Ellen DeGeneres' Samsung Selfie Ups Social-Marketing Game
Samsung bought five-and-a-half minutes of airtime on the Oscars -- a hefty expense to win attention on one of the country's premiere advertising events. Yet what got everyone buzzing the next day wasn't one of its lavishly produced commercials, but a single photo on Twittter.
When host Ellen DeGeneres whipped out a white Galaxy Note 3 in front of 43 million viewers to take a selfie of the star-studded front row at the event, Samsung struck its own Oscar gold. With more than 3 million retweets within two days, the snapshot is pretty much assured a position in social marketing history next to Oreo's blackout tweet during the 2013 Super Bowl.
Samsung isn't discussing exactly how the picture came to be. But the marketer spent an estimated $20 million on the broadcast, which likely included its sponsorship deal with ABC as the official behind-the-scenes sponsor. It also inked a Twitter deal for promoted celebrity selfies from the greenroom backstage. Its creative agency is 72andSunny and media shop Starcom Mediavest.
Samsung claims the picture was unplanned. "While we were a sponsor of the Oscars and had an integration with ABC, we were delighted to see Ellen organically incorporate the device into the selfie moment that had everyone talking. A great surprise for everyone, she captured something that nobody expected," the company said in a statement.
But the selfie seen 'round the world was surely not just serendipity. "It was absolutely no fluke," said Josh Feldmeth, CEO of Interbrand New York, Toronto, and San Francisco. "The conditions were perfectly cultivated for that to occur … it was not by chance."
Social-media tracking company Kontera, in fact, found that not only did the picture get attention on its own, but that it also raised interest among viewers for Samsung's commercials, themed "One Samsung." Kontera dubbed Samsung the brand winner of the night, saying it got 40,000 brand mentions during the Oscars for the seflie, which caused attention to its commercials during the broadcast to spike upward. "I don't think the spikes would have been that high without that moment," said Ammeil Kamon, exec VP-product and marketing.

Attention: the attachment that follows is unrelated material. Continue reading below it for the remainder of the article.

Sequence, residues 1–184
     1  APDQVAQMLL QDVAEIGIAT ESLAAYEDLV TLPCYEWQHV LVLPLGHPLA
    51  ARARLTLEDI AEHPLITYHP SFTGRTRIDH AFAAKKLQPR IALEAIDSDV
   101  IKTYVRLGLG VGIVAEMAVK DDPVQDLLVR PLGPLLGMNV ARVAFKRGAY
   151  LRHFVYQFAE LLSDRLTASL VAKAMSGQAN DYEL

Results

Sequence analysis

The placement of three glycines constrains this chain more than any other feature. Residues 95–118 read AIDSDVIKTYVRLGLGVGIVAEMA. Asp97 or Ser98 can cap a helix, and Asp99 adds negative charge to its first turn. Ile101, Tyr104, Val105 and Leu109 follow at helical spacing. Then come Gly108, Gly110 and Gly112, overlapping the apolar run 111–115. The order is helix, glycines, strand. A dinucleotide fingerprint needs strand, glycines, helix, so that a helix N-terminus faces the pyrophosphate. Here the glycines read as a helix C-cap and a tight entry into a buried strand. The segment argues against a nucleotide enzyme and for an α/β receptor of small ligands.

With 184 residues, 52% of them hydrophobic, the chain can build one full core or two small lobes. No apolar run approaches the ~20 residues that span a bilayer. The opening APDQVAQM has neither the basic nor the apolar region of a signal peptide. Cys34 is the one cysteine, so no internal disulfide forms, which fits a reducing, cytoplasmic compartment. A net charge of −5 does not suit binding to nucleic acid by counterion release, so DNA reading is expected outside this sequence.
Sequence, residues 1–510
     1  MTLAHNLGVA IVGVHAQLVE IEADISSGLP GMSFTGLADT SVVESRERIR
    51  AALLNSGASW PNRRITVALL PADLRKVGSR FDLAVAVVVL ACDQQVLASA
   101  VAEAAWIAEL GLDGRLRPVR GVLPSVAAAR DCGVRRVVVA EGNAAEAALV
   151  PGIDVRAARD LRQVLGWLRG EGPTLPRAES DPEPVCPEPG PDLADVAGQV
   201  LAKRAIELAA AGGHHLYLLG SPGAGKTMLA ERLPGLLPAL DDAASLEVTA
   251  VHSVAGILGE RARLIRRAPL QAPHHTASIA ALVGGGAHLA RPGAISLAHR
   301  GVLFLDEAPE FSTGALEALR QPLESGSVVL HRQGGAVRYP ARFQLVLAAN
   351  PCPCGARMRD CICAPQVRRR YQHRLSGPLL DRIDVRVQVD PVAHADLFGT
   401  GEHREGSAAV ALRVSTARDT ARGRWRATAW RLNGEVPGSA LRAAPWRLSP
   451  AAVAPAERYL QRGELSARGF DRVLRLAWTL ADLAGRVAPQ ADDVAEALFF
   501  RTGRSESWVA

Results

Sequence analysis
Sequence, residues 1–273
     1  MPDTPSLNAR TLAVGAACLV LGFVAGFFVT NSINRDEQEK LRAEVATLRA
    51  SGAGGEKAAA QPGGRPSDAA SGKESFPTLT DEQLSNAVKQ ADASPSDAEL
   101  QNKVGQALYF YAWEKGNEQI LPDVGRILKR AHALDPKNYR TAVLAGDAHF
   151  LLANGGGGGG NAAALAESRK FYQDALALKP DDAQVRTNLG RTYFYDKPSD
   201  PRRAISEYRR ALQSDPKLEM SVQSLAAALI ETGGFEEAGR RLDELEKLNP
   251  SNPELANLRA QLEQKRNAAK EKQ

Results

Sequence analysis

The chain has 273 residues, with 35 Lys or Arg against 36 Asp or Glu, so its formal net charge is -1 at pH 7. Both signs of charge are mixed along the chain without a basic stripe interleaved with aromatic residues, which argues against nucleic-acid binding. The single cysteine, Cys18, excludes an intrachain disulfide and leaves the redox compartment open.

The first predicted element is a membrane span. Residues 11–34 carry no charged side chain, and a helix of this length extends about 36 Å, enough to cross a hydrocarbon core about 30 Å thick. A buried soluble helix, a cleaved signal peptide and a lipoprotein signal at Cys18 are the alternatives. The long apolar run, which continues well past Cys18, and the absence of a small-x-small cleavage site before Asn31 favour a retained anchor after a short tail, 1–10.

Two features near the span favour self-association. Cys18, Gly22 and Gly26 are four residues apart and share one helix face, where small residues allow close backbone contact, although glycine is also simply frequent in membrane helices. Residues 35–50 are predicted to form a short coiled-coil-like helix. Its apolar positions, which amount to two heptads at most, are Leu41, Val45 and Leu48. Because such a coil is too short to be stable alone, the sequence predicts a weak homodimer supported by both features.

While no one would put an actual price tag on the boost to the Samsung brand, there is abundant evidence of the selfie's value in the form of media stories, blog posts, analysis, and even Facebook likes - 2.1 million and counting.
Yet Samsung itself retweeted the photo only once, 20 minutes after Ms. DeGeneres' initial post, and mentioned it again when it broke the Twitter record half an hour later. And the buzz did not seem to bump up Samsung's Twitter followers. While Ms. Degeneres added 1.2 million Twitter followers in the first two days, Samsung tacked on 10,000, about its average for any two days, said Joe Pulizzi, founder of the Content Marketing Institute. "If we're talking about building audiences, and we should be, that's a missed opportunity," he said.
Ms. DeGeneres also didn't mention Samsung in her original tweet. But she did call out Samsung in a thank you retweet from St. Jude's sent after Samsung promised to donate $3 million in honor of the 3 million retweets to two of Ms. DeGeneres' favorite charities, St. Jude's and the Humane Society. The St. Jude's thank you was an Oscar-imitated selfie of actress Marlo Thomas surrounded by St. Jude's kids. Samsung retweeted the St. Jude's photo, and today also retweeted a parody tweet from @TheSimpsons.
So will Samsung's success prompt marketers to move the bar higher for sponsorship demands? Mr. Feldmeth said while marketers may want, or even expect, a Samsung moment, it's useless to simply demand stunts. His advice to other brands is forget trying to recreate or imitate what worked for Samsung and instead focus on what drives the core of their own brand and create the framework for their own moments to happen.
They paid to put themselves in the right place at the right time," said Sharmin Kent, content marketing coordinator at Digital Relevance. "But it was a once-in-a-lifetime tweet."